While a security update for the Critical zero-day vulnerability in Windows kernel exploited by the Duqu malware is not yet available, Microsoft has reacted quite fast to enable customers to at least deploy a temporary solution until it releases an official patch.The automatic fix currently being offered to all Windows users comes to introduce a workaround capable of blocking Duqu from exploiting the TrueType Font Parsing Vulnerability (CVE-2011-3402).
The security hole resides in the Win32k TrueType font parsing engine, and is caused when a Windows kernel-mode driver handles the TrueType font type improperly, Microsoft explained.
“An attacker who successfully exploited this vulnerability could run arbitrary code in kernel mode. The attacker could then install programs; view, change, or delete data; or create new accounts with full user rights,” the software giant said.
“We are aware of targeted attacks that try to use the reported vulnerability; overall, we see low customer impact at this time. This vulnerability is related to the Duqu malware.”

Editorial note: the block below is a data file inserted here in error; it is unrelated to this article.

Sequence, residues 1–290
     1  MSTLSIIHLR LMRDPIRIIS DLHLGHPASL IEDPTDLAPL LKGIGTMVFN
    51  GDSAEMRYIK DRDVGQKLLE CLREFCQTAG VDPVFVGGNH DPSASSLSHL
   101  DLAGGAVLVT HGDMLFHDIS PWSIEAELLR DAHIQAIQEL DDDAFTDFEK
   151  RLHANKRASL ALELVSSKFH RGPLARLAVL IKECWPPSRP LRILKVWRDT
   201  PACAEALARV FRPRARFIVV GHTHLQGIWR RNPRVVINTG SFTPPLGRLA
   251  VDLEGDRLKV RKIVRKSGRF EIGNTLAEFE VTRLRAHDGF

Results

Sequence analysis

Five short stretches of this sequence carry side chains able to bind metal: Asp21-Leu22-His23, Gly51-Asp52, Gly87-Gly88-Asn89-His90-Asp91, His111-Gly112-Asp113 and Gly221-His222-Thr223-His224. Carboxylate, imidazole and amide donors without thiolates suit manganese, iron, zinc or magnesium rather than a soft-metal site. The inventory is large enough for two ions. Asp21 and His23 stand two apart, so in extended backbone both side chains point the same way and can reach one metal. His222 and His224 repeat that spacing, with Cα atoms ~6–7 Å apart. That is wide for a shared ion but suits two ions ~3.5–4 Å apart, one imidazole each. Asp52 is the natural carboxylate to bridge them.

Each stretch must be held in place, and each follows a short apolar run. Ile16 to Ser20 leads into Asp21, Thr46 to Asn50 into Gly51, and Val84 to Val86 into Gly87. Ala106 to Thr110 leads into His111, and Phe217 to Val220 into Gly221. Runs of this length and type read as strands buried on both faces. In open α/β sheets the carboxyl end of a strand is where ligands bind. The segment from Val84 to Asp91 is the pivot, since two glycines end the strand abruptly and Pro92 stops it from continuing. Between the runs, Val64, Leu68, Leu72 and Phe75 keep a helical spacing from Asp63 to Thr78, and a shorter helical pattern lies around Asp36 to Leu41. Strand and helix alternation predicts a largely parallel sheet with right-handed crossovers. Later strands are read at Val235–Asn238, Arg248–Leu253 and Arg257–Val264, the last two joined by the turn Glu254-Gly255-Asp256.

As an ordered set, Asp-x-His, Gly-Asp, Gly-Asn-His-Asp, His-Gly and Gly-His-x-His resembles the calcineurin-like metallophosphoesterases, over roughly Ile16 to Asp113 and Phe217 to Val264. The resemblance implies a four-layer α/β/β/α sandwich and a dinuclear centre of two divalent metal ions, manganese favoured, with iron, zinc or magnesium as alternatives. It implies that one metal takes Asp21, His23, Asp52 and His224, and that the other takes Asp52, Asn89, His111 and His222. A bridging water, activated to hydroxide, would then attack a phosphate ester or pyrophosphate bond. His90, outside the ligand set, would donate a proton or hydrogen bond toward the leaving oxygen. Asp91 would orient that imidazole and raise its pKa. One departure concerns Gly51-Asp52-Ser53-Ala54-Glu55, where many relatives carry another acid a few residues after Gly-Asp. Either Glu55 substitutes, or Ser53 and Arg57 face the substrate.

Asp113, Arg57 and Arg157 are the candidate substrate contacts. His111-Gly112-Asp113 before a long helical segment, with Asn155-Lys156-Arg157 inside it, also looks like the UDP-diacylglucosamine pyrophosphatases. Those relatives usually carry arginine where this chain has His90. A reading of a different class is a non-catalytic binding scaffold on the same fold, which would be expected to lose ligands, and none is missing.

The Microsoft Security Advisory (2639658) and KB 2639658 have been published on November 3, 2011 to provide additional information to customers, guidance on how to protect themselves against potential attacks and the workaround the Redmond company put together.
“To make it easy for customers to install, we have released a Fix it that will allow one-click installation of the workaround and an easy way for enterprises to deploy,” the software giant said.
Customers looking to render Duqu incapable of exploiting the Critical 0-day TrueType Font Parsing vulnerability need to install Microsoft Fix it 50792.
“When you run the Enable fix it solution, the workaround denies the system access to the T2embed.dll file,” the company informs.
The software giant is also supplying Microsoft Fix it 50793 to disable the changes introduced by Microsoft Fix it 50792.
The Fix it automatic solution is a viable workaround that can be deployed until Microsoft patches the TrueType Font Parsing security issue. According to the company, a security update won’t be released next week with the rest of its monthly patches for November.
“Given our ability to detect exploit attempts for this issue, we are able to closely monitor the threat landscape and will notify customers if we see any indication of increased risk,” revealed Jerry Bryant, group manager, Response Communications Trustworthy Computing Group.
“As previously stated, the risk for customers remains low. However, that is subject to change so we encourage customers to either apply the workaround or ensure their anti-malware vendor has added new signatures based on the information we’ve provided them to ensure protections are in place for this issue.”